Stater – Philip III, Macedonian Kingdom 323-317 B.C. unique first-strike reverse NGC MS – SOLD


KINGS of MACEDON. Philip III Arrhidaios. 323-317 BC. AV Stater (18mm, 8.62 g, 12h) NGC MS. An early posthumous issue created in the name and types of Alexander III. Struck at the Abydos mint. The obverse features the helmeted head of Athena facing right. The reverse features Nike standing left, holding a wreath and stylis. A grain ear is in left field with a monogram below left wing.

This specimen is perfectly centered and is of a lovely style. Obviously great care was employed during its creation. Even the obverse and reverse designs are symmetrical which is hardly ever seen, even on Fine Style specimens. It has a very rare and seldom seen reverse Type (Price 1519) and only five distinct examples can be accounted for of which this is by far the Finest Known. It is quite possibly unique with the circle guide line surrounding Nike. See our comments on this fabulous discovery feature below. NGC assesses the Strike to be a 5/5; the surface is 4/5.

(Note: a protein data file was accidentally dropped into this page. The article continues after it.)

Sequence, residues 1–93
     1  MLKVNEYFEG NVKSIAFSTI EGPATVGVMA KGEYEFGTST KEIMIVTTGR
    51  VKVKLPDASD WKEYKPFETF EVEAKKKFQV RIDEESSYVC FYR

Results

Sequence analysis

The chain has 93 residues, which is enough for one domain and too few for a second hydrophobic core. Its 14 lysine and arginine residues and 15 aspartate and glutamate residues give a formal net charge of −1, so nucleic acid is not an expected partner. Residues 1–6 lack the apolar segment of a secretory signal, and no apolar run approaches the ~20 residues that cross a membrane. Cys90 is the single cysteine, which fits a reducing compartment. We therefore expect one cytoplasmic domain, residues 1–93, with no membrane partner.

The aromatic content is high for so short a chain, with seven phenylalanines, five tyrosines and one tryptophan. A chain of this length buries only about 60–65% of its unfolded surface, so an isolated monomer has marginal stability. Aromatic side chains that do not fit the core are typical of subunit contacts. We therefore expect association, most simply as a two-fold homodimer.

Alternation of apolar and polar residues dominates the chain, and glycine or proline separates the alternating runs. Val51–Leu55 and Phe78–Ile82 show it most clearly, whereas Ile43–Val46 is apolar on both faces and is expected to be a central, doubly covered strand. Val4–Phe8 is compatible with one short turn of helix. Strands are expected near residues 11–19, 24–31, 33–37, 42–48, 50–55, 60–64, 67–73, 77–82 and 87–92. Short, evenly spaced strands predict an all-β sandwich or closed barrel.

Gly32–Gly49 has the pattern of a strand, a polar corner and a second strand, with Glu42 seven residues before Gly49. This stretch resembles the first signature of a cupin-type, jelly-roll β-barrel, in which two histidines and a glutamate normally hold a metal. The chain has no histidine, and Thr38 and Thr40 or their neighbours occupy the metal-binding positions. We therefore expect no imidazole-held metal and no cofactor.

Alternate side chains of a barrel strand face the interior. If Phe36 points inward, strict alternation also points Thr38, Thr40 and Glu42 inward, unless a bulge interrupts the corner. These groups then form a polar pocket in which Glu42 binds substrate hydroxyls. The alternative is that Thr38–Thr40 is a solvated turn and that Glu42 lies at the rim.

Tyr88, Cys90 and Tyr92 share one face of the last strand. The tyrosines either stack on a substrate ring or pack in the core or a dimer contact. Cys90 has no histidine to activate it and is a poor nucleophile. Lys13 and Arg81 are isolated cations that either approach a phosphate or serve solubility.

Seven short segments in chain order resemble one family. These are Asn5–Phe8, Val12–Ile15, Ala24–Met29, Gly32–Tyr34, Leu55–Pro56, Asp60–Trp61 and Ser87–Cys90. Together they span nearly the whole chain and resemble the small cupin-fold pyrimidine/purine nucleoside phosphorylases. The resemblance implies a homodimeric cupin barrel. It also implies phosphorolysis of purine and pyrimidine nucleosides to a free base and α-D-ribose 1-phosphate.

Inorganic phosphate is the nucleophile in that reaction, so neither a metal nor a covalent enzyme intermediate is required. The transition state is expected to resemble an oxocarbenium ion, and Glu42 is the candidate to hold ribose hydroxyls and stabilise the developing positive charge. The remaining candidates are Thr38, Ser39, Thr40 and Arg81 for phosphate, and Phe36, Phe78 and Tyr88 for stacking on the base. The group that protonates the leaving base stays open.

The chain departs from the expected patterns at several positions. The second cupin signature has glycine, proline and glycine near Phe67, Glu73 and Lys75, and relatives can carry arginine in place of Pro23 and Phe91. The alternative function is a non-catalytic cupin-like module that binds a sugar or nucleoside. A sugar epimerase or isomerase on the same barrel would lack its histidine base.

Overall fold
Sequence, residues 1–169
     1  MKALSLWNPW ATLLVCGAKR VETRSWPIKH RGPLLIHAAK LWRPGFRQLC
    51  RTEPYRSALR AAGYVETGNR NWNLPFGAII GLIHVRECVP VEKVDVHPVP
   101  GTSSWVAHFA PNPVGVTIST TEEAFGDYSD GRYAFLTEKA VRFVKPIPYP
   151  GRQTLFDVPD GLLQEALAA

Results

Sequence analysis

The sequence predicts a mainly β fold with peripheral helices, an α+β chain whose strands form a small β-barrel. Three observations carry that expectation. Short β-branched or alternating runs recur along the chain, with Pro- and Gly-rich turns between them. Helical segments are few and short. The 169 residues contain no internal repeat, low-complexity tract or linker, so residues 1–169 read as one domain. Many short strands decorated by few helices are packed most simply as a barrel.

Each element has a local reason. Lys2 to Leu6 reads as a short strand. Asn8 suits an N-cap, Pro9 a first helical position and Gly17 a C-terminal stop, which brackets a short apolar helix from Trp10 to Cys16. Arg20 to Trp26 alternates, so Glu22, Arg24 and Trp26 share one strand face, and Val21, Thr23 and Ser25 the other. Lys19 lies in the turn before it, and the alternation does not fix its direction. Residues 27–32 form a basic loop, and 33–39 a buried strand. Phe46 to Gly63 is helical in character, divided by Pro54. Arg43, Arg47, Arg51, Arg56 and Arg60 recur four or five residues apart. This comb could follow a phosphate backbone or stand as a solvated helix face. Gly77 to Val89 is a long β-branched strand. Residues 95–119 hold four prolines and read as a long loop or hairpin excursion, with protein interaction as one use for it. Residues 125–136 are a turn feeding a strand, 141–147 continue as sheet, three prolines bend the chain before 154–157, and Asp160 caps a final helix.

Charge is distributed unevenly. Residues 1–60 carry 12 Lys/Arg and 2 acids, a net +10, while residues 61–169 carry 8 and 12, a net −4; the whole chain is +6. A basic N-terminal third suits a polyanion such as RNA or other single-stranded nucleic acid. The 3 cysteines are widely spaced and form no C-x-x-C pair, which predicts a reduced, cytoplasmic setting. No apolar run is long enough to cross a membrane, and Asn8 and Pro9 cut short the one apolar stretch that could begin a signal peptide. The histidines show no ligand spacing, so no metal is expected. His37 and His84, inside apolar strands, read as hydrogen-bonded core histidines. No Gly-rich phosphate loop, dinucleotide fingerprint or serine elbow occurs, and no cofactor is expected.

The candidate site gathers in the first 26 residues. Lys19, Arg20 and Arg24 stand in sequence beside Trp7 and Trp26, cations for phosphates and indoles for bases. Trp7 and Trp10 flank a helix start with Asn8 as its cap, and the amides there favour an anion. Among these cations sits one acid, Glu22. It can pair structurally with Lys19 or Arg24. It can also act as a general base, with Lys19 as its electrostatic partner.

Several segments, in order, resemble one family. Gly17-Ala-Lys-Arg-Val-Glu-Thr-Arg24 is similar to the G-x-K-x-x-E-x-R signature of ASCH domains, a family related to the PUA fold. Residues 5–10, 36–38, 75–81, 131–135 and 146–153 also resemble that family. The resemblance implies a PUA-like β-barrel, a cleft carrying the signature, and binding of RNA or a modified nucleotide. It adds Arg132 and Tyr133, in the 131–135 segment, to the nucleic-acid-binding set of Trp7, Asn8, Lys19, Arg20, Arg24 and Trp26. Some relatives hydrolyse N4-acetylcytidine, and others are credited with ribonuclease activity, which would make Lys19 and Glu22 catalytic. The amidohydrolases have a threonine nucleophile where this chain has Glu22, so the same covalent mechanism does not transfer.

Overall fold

Ancient Engraving Techniques

Because of the inherent value of coins, minting processes have historically been tightly controlled and precise, dictated by the ruling country and kept under close oversight. Almost all ancient coins were struck by hand, and the process remained consistent until the sixteenth century when machinery was invented to partially automate the process.

The dies were generally engraved in reverse, to allow metal to flow into them and produce a design with relief. A blank flan was heated and placed between an upper and lower die and a hammer was used to strike the upper die, imprinting the design into the metal.

This coin retains an interesting attribute of the engraving process which is rarely seen. The circle surrounding Nike on the reverse is a “guide line”, used to properly align the design elements. Its presence indicates a very early die state, making this one of the first coins struck with unworn dies.

There are also two additional subsidiary lines near the center of the reverse which aided further precision. It’s not known why the guide lines were not removed after finishing the die but these circular artifacts give significant insight into the production of coin dies. They allowed the engraver to ensure that they aesthetically and accurately fit the design on the coin. As shown on this coin, Nike and all of her attributes perfectly fit within the circle, slightly touching its perimeter.

Five other coins from this same reverse die are known, with this example of a substantially higher grade than the others. The presence of more than one example indicates that the die wasn’t revised after striking began, leading the retention of the guide lines as possibly intentional.